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Friday, 20 April 2012

The Rain

By Lia Hirtz

It has been sunny and very hot all day and now the air is heavy with moisture. The sun has sneaked behind a menacing, dark cloud but I know it’s there because it’s hard to breathe as it slowly melts the clouds above.

I am playing house under the coffee tree full of dark red beans. I am six years old with long braids and crooked teeth. I live with my parents, three aunts and my cousin. We live happily with my grandmother in her old adobe house in a small town in Mexico.

“It’s going to rain in a little while,” my all-knowing grandmother says. “We better get the clothes off the lines and bring in the jerky from the roof. I wonder if the cats have gotten to it – Maaarrrriiiiaaaaa!” she screams. “You better watch your damned cats! I bet they’ve eaten the jerky!”

My aunt, Maria, defends her cats and says she already fed them liver and they wouldn’t touch the tough jerky anyway.

Then violently, without any further threats, the rain erupts like a mighty upside down volcano. Sharp and searing, the sky spews its load on the tender earth. My mother calls for me to go inside.

It’s a downpour and my aunt Maria is scared out of her mind. She grabs the jar with the holy water that she keeps by her bed, she interlaces a rosary in her pretty hands and begins her supplications as she dips her fingers in the water and furiously shakes the blessed droplets around the doors of the house.

She begs Jesus to stop the thunder because it scares her and the cats. She begs Mother Mary to stop the rain before we all drown in its fury.

Then, just as quickly as it began, the rain stops and the sun inhales the plumes of vapor back into the sky.

The water runs like rivers in the streets. The toads burst forth from all directions to entice the bright green lady frogs. Their neck pouches inflate in a flirtatious rhythm. The frogs look dumb as they aimlessly jump as if the rain has hit them on the head a bit too hard.

The toads move in and right there on the street, in the back yard, in our living room, there is romance. Everywhere you look, the amorous ritual continues until Maria squashes down a pair with a broom or a car runs them down on the street where they will remain conjoined forever in their last love dance. Then they bloat, explode and eventually dry out and disappear because nobody bothers to pick them up when they’re dead.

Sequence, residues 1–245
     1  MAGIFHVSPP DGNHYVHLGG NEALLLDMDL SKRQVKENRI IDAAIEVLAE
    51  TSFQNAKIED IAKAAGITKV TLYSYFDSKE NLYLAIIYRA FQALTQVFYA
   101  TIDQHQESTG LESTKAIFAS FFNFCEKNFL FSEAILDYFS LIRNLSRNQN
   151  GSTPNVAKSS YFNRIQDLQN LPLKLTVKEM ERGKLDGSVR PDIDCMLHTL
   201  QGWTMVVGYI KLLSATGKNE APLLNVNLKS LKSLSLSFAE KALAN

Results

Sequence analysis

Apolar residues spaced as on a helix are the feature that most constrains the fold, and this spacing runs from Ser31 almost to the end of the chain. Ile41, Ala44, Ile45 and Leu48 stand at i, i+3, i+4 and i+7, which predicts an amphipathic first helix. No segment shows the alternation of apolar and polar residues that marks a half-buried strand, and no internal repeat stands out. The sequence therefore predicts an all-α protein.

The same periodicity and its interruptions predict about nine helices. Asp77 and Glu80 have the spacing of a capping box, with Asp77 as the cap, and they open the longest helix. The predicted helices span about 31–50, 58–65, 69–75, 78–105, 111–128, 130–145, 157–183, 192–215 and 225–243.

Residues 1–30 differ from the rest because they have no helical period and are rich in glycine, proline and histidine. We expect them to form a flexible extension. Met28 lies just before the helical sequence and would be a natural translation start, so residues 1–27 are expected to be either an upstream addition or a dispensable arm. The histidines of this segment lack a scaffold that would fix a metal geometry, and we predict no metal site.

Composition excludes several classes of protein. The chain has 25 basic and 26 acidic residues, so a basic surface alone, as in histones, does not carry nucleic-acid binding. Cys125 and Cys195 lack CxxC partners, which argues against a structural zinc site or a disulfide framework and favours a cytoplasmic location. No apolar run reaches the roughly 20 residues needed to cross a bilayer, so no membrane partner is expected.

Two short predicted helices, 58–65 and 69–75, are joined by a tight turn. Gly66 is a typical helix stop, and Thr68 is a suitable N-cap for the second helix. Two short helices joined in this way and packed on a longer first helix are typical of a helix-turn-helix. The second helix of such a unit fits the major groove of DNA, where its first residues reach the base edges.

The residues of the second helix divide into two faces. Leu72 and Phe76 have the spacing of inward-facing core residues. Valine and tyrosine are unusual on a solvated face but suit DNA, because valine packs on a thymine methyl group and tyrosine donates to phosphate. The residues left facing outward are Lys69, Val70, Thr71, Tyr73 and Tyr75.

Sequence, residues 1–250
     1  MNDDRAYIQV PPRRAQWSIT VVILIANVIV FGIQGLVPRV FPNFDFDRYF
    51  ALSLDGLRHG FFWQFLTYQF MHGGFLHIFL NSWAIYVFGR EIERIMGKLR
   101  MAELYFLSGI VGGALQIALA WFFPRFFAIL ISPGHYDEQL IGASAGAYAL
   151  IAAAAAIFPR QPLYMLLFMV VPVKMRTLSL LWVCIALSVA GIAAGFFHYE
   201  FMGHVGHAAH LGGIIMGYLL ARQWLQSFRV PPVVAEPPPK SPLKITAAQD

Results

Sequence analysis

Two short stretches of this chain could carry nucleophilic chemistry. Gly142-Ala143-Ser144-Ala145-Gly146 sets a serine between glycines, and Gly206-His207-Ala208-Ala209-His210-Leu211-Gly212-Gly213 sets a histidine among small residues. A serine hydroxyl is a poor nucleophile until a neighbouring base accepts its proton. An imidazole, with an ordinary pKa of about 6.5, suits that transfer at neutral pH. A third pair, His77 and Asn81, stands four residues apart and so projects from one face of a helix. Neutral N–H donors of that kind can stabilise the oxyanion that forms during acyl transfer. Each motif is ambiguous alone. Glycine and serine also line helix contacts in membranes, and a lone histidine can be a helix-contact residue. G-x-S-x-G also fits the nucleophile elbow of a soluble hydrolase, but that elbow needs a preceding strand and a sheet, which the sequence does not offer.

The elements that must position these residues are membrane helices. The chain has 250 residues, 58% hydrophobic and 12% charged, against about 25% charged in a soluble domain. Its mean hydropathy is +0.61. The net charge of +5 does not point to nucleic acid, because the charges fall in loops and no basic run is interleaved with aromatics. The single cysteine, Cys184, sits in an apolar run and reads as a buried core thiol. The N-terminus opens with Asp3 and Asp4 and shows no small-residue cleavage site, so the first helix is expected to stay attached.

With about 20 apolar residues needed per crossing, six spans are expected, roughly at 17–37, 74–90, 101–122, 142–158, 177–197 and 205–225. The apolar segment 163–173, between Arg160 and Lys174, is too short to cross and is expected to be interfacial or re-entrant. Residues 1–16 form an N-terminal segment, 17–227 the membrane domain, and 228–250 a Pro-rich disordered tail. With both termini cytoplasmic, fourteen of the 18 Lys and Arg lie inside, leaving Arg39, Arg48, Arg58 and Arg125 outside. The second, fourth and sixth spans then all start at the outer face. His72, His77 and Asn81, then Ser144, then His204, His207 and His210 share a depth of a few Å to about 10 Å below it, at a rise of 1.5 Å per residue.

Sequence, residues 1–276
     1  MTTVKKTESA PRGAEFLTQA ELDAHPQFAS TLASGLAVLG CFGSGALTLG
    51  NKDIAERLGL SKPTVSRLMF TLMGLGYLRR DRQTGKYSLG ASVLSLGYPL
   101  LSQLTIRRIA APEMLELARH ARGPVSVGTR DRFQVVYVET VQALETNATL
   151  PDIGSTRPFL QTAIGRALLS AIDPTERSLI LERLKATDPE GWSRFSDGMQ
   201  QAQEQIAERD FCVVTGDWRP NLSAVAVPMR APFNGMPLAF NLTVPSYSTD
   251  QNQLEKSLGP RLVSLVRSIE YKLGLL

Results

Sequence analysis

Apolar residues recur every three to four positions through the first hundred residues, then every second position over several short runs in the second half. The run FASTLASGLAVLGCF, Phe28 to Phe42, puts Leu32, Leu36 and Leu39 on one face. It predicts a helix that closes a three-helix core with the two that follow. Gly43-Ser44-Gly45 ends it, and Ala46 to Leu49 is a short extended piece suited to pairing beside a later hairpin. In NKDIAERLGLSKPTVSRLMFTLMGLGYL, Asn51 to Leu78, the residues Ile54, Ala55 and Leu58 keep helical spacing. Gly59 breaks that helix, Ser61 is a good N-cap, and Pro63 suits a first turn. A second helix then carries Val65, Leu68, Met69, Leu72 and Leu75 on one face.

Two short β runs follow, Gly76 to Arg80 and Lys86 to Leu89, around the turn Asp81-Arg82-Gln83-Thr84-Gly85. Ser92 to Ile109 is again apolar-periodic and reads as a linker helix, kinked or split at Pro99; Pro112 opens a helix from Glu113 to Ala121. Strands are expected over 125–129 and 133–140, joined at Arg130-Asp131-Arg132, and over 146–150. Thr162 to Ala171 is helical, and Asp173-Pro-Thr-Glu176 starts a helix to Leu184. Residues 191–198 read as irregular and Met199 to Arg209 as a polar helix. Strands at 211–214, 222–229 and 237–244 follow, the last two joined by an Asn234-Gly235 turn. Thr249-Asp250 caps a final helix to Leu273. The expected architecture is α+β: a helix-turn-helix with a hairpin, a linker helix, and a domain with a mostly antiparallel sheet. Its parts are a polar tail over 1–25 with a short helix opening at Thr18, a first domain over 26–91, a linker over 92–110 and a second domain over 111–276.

Unperturbed, I sink my bare feet into the running water gushing down the street. I see the bread man go by on his bicycle balancing a basket full of sweet bread on his head.

In a little while, I will ask my grandma for 20 cents and run to buy a piece of sweet bread and devour it with zest.


[INVITATION: All elders, 50 and older, are welcome to submit stories for this blog. They can be fiction, non-fiction, poetry, memoir, etc. PLEASE read instructions for submitting.]

Posted by Ronni Bennett at 05:30 AM | Permalink | Email this post

Comments

Wow! What imagery of life and death! Such details. Well done and thanks for sharing.

This morning it is raining in Seattle, but there is no way to imagine your remembered visions of a rainy day; we have no thunder, no loving toads no swirling water in the streets. Oh what a joy to learn about other's lives in such a well written tale. Thanks so much/

You are a very gifted writer, using unique analogies throughout. You used a simple childhood memory as a framework to hang your delightful metaphors out to dry. Write more, can't wait!!

What a pleasure it was to read your story today...

Thanks....

Lia,

Loved your story and the details you included, like the cats eating the jerky and
your Aunt throwing the Holy Water around.

My Granny lived with us when I was a child and she also wet everybody down with Holy Water when she was afraid something terrible was about to happen, which was mostly every day.She was from Ireland and had a superstition for every occasion.

Only thing missing at our house were the frogs. We didn't have frogs..Great story..

Such a well crafted story. You shared not only the event, but your mind and emotion to color it for us.

As you can see, you'll be appreciated here, so please write more. I don't post a lot, but I read a lot. ;-)

Thanks, Lia, for the frog your writing brought to my throat.

Thanks for your story - I loved it.

Loved your story,It is so visual and full of excitement that my attention never wondered. Thank you for sharing.

Thank you for taking us to visit

Your writing is evocative of Barbara Kingsolver. I would love to have a bookful of your work. Very well done.

Thank you to all for the wonderful comments.

Jeanne Follett -- I read some of the work you've done and would love to talk with you.

Best
Lia

I loved your RAIN story...and your wise grandmother. Your words carried me from the Great Lakes straight to the SouthWest. Feels like I just flew over this vast country and landed at that little adobe.

Thanks and PLEASE keep writtig.

Lia: Likewise. Here's my spam e-mail. Leave a note there and I'll get in touch with my real address. jfollett@ptialaska.net.

Looking forward to chatting.

So glad everyone loved your writing..it is masterful and fun to follow...all cultures with the holy water and Aunts..loved every word...the toads, not so much...in the city it just rains cats and dogs, never toads...I just reread the piece...write on...

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